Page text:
Cheongpyeongsa (청평사)

Cheongpyeongsa Temple makes for a great scenic weekend trip.

According to the legend surrounding this temple, a man loved a princess so much that he became a snake and wouldn’t leave her alone. When she begged leave to get some rice from the temple, the snake let her go but then went looking for her, only to be struck by lightning and die. The princess then buried him at the temple.

Visitors to the Cheongpyeongsa Temple can also take a boat ride on Soyang Lake and a walk along a beautiful valley and a waterfall, thus enjoying a perfect weekend getaway.

674 Cheongpyeong 1 ri, Buksan-myeon, Chuncheon-si, Gangwon-do (강원도 춘천시 북산면 청평 1리 674)

Beopjusa (법주사)

Beopjusa Temple features Korea's highest pagoda.

With more than 60 buildings and 70 hermitages, Beopjusa was a large, glorious temple before it caught fire in the Japanese invasion of South Korea in 1592.

Currently the temple houses 30 buildings and many cultural properties, including the highest pagoda existing in South Korea (a five-story wooden pagoda 22.7 meters high) – which is also a national treasure.

405 Beopjusa-ro, Sokrisan-myeon, Boeun-gun, Chungcheongbuk-do (충청북도 보은군 속리산면 법주사로 405)

Gangcheonsa (강천사)

Gangcheonsa Temple's setting is lush and green.

316 marked a big year for Gangcheonsa, when a five-story stone pagoda was added to the temple. It is said that 1,000 monks stayed here at one point.

In addition to the cultural assets at the temple, various attractions are nearby, such as the Geumseong Mountain fortress, Yongso waterfall, Lake Gangcheon, Lake Damyang and Naejang National Park.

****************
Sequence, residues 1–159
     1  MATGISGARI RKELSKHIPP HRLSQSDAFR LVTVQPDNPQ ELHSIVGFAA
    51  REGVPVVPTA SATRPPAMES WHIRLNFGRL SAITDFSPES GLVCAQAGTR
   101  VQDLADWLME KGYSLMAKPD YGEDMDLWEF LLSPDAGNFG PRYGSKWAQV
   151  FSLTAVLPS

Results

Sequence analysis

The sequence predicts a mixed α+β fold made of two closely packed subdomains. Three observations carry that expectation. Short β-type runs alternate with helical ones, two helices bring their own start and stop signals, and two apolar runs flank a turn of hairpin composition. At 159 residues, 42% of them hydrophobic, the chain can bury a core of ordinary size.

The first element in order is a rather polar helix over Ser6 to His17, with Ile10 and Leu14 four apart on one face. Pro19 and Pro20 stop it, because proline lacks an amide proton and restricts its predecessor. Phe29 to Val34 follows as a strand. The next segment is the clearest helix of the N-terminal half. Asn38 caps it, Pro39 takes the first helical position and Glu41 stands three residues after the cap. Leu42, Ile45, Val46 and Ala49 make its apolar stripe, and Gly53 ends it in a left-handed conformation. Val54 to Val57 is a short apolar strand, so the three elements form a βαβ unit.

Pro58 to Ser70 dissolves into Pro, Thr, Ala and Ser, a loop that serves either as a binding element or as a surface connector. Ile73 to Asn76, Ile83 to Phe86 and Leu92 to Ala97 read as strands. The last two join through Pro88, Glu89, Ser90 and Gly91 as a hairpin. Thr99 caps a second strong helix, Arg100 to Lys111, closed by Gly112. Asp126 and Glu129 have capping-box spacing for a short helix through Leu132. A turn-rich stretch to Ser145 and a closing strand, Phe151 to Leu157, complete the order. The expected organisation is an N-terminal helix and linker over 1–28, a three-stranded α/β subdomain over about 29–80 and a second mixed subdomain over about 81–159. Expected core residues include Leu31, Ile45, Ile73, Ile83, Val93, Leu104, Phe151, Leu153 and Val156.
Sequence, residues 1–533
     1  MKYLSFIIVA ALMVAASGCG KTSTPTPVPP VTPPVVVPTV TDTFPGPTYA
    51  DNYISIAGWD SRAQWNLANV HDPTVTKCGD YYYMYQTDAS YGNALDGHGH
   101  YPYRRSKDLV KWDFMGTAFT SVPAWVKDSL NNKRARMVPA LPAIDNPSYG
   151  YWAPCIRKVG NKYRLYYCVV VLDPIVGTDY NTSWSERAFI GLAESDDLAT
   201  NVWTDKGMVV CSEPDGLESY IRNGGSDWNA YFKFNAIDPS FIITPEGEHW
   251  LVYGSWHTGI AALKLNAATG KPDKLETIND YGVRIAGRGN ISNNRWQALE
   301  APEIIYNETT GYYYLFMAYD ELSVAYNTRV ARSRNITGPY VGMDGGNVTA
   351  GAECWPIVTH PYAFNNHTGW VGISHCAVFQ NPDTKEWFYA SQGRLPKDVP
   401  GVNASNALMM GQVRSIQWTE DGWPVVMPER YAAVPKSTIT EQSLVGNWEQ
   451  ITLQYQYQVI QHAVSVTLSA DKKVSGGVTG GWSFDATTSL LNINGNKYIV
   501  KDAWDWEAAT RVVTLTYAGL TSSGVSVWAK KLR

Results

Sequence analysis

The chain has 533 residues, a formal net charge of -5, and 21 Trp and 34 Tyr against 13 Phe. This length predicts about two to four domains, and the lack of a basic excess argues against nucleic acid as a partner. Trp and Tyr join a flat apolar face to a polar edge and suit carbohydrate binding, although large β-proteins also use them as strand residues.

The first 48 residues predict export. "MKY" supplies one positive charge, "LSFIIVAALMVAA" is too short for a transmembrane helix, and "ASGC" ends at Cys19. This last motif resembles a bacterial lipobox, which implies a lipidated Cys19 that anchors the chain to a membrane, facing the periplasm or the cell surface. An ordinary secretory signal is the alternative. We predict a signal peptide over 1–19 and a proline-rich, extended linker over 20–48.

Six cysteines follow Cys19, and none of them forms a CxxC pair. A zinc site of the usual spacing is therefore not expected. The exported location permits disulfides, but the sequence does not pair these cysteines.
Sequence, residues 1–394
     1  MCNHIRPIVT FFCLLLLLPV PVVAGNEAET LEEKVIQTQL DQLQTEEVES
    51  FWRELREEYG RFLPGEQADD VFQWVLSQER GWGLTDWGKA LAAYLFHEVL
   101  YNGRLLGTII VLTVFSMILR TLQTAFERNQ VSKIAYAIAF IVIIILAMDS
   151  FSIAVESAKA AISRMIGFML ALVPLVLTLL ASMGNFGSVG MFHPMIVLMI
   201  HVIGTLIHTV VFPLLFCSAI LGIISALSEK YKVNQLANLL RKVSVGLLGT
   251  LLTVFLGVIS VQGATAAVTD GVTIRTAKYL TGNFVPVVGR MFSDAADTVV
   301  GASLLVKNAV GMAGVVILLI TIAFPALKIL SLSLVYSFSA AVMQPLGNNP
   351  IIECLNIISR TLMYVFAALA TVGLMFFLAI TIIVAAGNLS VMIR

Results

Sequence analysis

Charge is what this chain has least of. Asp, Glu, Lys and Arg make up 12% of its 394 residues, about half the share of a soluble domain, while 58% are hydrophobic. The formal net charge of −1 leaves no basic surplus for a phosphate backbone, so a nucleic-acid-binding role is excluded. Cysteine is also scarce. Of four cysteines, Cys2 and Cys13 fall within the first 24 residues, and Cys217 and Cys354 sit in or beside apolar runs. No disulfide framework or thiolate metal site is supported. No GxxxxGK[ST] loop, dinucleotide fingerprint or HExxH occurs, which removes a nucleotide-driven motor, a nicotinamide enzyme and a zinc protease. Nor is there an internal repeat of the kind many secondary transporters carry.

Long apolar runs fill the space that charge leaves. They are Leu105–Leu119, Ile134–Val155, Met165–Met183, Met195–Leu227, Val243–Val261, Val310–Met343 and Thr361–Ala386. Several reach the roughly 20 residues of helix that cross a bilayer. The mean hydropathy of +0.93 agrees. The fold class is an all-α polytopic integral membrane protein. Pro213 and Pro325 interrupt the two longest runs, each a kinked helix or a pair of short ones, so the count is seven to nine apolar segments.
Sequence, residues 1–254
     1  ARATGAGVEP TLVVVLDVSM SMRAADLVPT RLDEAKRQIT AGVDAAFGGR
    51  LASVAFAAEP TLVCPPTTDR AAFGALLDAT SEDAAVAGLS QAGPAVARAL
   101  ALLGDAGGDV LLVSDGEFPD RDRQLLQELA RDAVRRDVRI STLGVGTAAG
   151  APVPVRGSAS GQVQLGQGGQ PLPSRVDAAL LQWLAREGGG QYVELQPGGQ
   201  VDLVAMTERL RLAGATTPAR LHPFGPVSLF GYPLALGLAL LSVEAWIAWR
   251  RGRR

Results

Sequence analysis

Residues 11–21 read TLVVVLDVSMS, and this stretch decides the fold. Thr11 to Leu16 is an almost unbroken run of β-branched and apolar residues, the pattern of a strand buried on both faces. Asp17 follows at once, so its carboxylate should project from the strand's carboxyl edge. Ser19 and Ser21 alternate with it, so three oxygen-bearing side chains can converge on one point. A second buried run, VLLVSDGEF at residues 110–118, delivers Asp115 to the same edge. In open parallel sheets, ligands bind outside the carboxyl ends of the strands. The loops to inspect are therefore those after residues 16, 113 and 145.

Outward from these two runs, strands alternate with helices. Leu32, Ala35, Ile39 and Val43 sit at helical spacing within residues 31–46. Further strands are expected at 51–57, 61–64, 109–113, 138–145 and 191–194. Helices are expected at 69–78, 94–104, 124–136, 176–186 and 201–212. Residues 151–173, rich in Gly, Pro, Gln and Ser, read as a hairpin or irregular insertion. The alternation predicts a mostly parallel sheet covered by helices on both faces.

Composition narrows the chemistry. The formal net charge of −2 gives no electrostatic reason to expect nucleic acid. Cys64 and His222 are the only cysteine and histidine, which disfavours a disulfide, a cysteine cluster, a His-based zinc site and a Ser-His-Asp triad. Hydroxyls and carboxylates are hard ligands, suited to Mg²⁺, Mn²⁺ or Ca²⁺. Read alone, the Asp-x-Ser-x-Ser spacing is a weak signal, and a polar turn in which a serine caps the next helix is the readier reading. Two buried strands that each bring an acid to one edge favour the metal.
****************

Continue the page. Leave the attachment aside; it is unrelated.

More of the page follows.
270 Gangcheonsan-gil, Paldeok-myeon, Sunchang-gun, Jeollabuk-do (전라북도 순창군 팔덕면 강천산길 270)

Buseoksa (부석사)

Buseoksa Temple is a great desination during any season.

Buseoksa counts five national treasures among its cultural assets and is one of the 10 largest temples in South Korea.

Buseoksa’s Muryangsujeon (South Korea’s national treasure number 18) is one of Korea’s oldest wooden buildings.

“If you like flowers, spring is the best season, if you like thick green trees – summer, fall foliage – autumn, and sunsets are particularly beautiful in winter,” says the temple’s manager, who adds that it is very popular with a lot of Japanese and Chinese visitors.

148 Bukji-ri, Busuk-myeon, Yeongju-si, Gyeongsangbuk-do (경상북도 영주시 부석면 북지리 148)

Cheoneunsa (천은사)

Cheoneunsa Temple is steeped in history and legend.

One of the three largest temples in Jiri mountain, Cheoneunsa Temple has had its fair share of drama; it was first built in 828, burned down during the Japanese Invasion of Korea in 1592, rebuilt in 1610, burned down again in 1676, rebuilt the next year, caught fire once again in 1773, and finally rebuilt in 1775.